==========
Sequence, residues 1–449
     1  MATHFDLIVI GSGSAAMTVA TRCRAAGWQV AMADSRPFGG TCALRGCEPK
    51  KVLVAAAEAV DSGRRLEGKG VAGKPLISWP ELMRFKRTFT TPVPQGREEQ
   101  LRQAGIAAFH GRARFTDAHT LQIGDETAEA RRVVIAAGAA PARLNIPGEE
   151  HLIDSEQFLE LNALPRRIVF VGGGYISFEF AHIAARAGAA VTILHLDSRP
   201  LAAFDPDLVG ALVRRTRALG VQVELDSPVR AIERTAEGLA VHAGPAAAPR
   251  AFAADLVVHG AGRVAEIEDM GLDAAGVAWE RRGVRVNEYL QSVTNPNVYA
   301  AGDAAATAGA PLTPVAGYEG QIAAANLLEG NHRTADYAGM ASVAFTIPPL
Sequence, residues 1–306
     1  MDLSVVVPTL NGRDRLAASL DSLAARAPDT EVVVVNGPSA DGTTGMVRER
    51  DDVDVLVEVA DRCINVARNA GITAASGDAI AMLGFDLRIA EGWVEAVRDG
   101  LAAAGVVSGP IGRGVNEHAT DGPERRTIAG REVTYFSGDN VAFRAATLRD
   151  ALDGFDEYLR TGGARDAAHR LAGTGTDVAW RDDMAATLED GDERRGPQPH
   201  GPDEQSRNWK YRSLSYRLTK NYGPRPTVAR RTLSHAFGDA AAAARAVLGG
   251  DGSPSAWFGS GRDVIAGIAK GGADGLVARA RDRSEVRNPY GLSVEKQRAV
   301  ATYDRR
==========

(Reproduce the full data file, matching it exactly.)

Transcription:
Sequence, residues 1–449
     1  MATHFDLIVI GSGSAAMTVA TRCRAAGWQV AMADSRPFGG TCALRGCEPK
    51  KVLVAAAEAV DSGRRLEGKG VAGKPLISWP ELMRFKRTFT TPVPQGREEQ
   101  LRQAGIAAFH GRARFTDAHT LQIGDETAEA RRVVIAAGAA PARLNIPGEE
   151  HLIDSEQFLE LNALPRRIVF VGGGYISFEF AHIAARAGAA VTILHLDSRP
   201  LAAFDPDLVG ALVRRTRALG VQVELDSPVR AIERTAEGLA VHAGPAAAPR
   251  AFAADLVVHG AGRVAEIEDM GLDAAGVAWE RRGVRVNEYL QSVTNPNVYA
   301  AGDAAATAGA PLTPVAGYEG QIAAANLLEG NHRTADYAGM ASVAFTIPPL
Sequence, residues 1–306
     1  MDLSVVVPTL NGRDRLAASL DSLAARAPDT EVVVVNGPSA DGTTGMVRER
    51  DDVDVLVEVA DRCINVARNA GITAASGDAI AMLGFDLRIA EGWVEAVRDG
   101  LAAAGVVSGP IGRGVNEHAT DGPERRTIAG REVTYFSGDN VAFRAATLRD
   151  ALDGFDEYLR TGGARDAAHR LAGTGTDVAW RDDMAATLED GDERRGPQPH
   201  GPDEQSRNWK YRSLSYRLTK NYGPRPTVAR RTLSHAFGDA AAAARAVLGG
   251  DGSPSAWFGS GRDVIAGIAK GGADGLVARA RDRSEVRNPY GLSVEKQRAV
   301  ATYDRR